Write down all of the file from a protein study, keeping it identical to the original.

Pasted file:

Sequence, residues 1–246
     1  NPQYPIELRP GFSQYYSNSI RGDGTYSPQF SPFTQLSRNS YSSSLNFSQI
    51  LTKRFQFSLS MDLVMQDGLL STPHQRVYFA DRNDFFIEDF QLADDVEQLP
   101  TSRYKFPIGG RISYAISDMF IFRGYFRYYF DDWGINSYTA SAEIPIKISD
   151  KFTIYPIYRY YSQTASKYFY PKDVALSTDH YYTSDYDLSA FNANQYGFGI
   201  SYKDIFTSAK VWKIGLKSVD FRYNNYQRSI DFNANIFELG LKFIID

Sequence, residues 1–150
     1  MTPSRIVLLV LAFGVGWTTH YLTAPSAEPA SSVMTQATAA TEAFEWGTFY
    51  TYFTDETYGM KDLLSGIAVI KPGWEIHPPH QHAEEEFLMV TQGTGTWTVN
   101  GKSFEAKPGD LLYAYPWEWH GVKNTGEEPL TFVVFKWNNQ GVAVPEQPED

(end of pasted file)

Sequence, residues 1–246
     1  NPQYPIELRP GFSQYYSNSI RGDGTYSPQF SPFTQLSRNS YSSSLNFSQI
    51  LTKRFQFSLS MDLVMQDGLL STPHQRVYFA DRNDFFIEDF QLADDVEQLP
   101  TSRYKFPIGG RISYAISDMF IFRGYFRYYF DDWGINSYTA SAEIPIKISD
   151  KFTIYPIYRY YSQTASKYFY PKDVALSTDH YYTSDYDLSA FNANQYGFGI
   201  SYKDIFTSAK VWKIGLKSVD FRYNNYQRSI DFNANIFELG LKFIID

Sequence, residues 1–150
     1  MTPSRIVLLV LAFGVGWTTH YLTAPSAEPA SSVMTQATAA TEAFEWGTFY
    51  TYFTDETYGM KDLLSGIAVI KPGWEIHPPH QHAEEEFLMV TQGTGTWTVN
   101  GKSFEAKPGD LLYAYPWEWH GVKNTGEEPL TFVVFKWNNQ GVAVPEQPED